Reviewed by Margaret Donsbach
The Double Tongue, about a woman remembering her life as a Delphic oracle, was the last novel Nobel prizewinner William Golding wrote. On his death in 1993, it was still in draft form, although Golding's drafts are a cut above many finished works. His publisher did not tamper with the manuscript, and it does include some flaws typical of early drafts. For example, many of the chapters consist mostly of dialogue and would no doubt have been filled out with setting details and the characters' gestures and expressions had Golding revised the novel further. Even so, it's well worth reading for its imaginative portrayal of a Greek woman who thinks herself fortunate to be given a place at Delphi rather than forced into marriage with a man who repulses her.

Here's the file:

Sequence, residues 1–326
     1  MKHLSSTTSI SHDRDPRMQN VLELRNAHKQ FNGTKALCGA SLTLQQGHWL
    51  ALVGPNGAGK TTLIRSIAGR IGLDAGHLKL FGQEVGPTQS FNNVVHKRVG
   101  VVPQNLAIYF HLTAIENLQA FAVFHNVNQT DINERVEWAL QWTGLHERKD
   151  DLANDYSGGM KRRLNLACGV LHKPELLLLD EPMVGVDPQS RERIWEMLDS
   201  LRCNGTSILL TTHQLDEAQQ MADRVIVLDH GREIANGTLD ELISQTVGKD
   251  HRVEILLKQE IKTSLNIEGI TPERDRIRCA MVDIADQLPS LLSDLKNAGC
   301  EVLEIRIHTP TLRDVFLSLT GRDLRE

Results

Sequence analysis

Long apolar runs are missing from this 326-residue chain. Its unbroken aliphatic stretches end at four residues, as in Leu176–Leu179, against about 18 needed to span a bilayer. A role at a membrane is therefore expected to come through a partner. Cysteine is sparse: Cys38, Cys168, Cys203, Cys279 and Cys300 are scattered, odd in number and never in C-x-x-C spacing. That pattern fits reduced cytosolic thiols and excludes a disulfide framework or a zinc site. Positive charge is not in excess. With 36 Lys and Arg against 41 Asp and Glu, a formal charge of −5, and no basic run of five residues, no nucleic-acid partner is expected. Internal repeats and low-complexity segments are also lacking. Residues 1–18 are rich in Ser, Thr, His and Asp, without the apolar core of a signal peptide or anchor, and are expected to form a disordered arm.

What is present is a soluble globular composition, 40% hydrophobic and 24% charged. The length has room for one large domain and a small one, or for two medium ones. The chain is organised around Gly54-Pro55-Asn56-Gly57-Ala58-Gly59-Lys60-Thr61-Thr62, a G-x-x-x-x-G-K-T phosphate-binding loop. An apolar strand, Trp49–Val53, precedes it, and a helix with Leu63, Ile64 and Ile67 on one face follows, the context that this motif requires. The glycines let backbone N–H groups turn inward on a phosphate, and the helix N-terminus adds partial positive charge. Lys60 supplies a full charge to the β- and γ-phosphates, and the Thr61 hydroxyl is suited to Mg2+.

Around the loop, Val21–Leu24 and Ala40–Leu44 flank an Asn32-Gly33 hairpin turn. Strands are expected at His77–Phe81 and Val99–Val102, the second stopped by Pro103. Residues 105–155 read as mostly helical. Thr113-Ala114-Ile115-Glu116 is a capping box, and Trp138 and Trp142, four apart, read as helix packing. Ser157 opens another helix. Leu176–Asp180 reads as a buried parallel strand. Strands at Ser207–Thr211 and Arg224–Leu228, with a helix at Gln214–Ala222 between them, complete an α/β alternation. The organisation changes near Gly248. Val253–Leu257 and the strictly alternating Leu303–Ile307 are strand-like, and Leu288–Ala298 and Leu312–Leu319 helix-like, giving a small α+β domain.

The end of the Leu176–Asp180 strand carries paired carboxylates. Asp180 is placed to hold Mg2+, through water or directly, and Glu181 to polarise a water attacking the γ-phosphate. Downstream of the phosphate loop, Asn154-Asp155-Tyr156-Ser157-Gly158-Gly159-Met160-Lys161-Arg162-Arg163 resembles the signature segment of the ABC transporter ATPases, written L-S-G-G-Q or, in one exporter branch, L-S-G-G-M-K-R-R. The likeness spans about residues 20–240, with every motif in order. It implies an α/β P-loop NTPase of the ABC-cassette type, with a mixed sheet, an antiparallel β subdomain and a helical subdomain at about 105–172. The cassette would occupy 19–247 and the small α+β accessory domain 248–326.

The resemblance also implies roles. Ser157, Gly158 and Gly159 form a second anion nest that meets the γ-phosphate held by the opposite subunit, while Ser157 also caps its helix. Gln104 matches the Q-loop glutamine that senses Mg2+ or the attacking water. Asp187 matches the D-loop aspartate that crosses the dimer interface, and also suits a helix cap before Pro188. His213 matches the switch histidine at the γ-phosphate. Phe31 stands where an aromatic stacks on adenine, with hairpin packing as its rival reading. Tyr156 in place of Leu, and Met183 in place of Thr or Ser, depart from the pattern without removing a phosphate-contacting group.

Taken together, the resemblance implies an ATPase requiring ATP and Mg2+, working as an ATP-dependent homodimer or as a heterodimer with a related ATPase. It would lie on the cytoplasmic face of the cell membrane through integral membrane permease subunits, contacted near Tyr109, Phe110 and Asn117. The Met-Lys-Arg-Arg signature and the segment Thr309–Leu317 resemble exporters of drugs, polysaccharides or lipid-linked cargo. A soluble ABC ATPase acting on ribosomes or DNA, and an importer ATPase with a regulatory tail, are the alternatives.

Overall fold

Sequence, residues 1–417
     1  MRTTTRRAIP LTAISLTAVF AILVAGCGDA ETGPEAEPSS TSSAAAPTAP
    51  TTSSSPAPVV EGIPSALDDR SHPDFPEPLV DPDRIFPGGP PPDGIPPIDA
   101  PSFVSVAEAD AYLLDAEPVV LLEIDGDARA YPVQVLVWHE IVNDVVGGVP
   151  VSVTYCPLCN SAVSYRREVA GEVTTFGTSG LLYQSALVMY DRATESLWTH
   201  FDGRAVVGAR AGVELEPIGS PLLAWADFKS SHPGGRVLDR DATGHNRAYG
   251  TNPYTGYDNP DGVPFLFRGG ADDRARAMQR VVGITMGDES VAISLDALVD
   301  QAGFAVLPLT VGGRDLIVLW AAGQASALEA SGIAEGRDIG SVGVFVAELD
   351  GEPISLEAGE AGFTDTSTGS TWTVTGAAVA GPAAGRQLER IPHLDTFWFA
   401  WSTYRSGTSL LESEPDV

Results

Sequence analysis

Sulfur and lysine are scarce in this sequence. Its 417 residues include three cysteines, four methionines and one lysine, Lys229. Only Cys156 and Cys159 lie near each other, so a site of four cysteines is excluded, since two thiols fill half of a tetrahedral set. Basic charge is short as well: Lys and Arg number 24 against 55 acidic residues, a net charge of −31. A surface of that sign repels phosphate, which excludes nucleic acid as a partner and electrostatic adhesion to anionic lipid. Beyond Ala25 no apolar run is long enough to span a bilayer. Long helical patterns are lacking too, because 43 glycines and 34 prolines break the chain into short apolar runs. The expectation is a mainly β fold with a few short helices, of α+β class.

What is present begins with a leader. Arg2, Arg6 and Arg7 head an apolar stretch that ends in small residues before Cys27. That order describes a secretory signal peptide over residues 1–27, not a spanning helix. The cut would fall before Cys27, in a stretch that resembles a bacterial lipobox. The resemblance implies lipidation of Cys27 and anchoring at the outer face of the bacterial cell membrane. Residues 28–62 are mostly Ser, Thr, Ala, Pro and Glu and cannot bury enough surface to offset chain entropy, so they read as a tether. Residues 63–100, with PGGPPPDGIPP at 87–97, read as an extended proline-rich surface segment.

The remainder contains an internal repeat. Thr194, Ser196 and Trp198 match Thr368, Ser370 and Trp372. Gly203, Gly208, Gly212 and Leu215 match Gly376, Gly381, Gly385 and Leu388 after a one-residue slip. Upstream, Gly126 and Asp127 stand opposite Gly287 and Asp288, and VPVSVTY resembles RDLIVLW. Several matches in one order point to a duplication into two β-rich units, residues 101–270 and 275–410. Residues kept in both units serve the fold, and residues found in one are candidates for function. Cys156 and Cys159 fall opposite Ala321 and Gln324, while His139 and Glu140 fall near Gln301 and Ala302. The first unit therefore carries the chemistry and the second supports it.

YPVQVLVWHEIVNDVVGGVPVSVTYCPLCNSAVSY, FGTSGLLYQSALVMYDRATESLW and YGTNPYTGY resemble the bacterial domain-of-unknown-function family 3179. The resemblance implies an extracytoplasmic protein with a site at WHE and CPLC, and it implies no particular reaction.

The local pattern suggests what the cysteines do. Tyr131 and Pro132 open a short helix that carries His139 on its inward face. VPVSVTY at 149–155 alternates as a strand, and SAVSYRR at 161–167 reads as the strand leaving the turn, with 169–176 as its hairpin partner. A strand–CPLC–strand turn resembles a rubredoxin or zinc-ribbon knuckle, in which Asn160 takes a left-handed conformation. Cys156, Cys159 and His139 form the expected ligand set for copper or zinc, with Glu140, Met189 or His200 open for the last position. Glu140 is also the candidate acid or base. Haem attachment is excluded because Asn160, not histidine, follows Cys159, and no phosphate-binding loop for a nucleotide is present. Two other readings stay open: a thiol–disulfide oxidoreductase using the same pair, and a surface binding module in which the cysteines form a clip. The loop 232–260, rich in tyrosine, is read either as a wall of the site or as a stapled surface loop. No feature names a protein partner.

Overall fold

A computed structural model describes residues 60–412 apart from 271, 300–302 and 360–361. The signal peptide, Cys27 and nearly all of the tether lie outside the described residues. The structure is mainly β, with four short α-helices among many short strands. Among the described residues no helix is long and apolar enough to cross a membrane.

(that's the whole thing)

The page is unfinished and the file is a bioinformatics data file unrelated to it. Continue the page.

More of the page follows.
Arieka grows up in a village on the Greek coast near Delphi. Uneducated and naïve, though far from stupid, she has made some chance remarks which give her a reputation for prophecy. This brings her to the attention of Ionides, the man who manages the shrine at Delphi and selects the candidates who train to become oracles. Greece, overshadowed now by Rome, has fallen from its past glory. So has the Delphic Oracle, though people still consult it. Arieka is shocked when Ionides casually expresses disbelief in the gods. She fears divine wrath when she learns what goes on behind the scenes at the Delphic shrine. But she respects Ionides' desire to revive the Oracle's importance. "In the old days, when Hellas was great," he says, "the replies to questions came in hexameters, poetry, elevated speech, because the questions were elevated ones." He sets Arieka to reading books, a task she loves, and in the course of time, to serving as the Pythia, a task she fears. She will be the last oracle who really matters. Does a god speak through her? As she grows old, this question remains at the center of her life. (1995, 165 pages)More about The Double Tongue at Powell's Books, Amazon.com or The Book Depository
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